Third time lucky is the hope for Delta Airlines as it seeks once again to receive approval from South Africa to operate services to the mother city, Cape Town. Delta is eyeing a triangular route connecting its hub in Atlanta to Johannesburg and Cape Town in a year-round operation
In a statement from Wesgro, the Western Cape’s tourism, trade and investment agency, On Thursday, 17 February, Delta submitted an application to the US Department of Transportation for a three times weekly service between Atlanta and Cape Town, with hopes to begin the Atlanta-Cape Town service on 18 November 2022. This application comes a week after United Airlines announced its decision to resume their direct flights between Cape Town and Newark/New York, starting on 05 June 2022, ahead of their initial schedule.
If approved, the standard round trip from Atlanta to Cape Town would be the airline’s second destination in South Africa, after Johannesburg, which it already serves from Atlanta.
In addition, the airline is still seeking South African government approval for the triangle route, after failing to win the approval of the South African government in 2020 and 2021 when it tried to launch an Atlanta-Johannesburg-Cape Town-Atlanta triangle route.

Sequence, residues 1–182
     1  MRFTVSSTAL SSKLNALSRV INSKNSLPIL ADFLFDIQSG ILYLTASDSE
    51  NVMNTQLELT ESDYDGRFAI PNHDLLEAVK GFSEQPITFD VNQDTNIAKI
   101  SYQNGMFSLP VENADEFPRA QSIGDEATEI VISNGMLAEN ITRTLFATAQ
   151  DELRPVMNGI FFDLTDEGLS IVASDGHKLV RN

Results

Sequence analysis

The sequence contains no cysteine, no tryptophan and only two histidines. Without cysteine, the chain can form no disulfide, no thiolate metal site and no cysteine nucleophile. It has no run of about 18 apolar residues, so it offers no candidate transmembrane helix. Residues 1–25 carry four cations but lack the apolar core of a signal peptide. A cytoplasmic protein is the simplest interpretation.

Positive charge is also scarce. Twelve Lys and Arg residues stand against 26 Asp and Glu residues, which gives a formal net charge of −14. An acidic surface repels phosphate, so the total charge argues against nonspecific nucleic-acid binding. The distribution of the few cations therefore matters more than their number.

“We welcome the application made by Delta and hope that it is approved promptly. Clearly, there is a surge in demand for direct flights from the United States to Cape Town, and this is good for our tourism and hospitality sectors in the Western Cape”, commented Western Cape Minister of Finance and Economic Opportunities, David Maynier.
However, we have not given up on Delta’s application for a triangular route. That is why I have officially launched an Intergovernmental Dispute with the Minister of Transport, Mr Fikile Mbalula. The Minister has not responded to the substantive issues I have raised, and this matter has now been escalated to the Minister of Co-operative Governance and Traditional Affairs, Minister Nkosazana Dlamini-Zuma, to urgently secure a meeting to find a solution to the granting of co-terminalisation rights for Delta Airlines, between Atlanta, Johannesburg and Cape Town.”
The City of Cape Town’s Mayoral Committee Member for Economic Growth, Alderman James Vos, said: “The US is a key tourist market for Cape Town. The majority of US travellers to South Africa include the Mother City in their itineraries. And Delta has confirmed that their bid to fly directly to Cape Town is due to demand from customers. Should this application be denied like the previous one, it will severely impact Cape Town – and thus South Africa’s – tourism industry”.
“Over the past decade, the US has been the largest source of FDI by value into Western Cape – R19.68 Billion. The US remains a key tourism and export market for South Africa. For the first time, the US was the number one country for Western Cape exports in 2021. We are looking forward to welcoming Delta back to the Mother City, and we are confident that this non-stop flight will boost the province’s efforts to grow leisure tourism and help increase trade between the Cape and the US. This will contribute to growing exports, and attracting investment,” concluded Official Air Access Spokesperson and Wesgro CEO, Wrenelle Stander.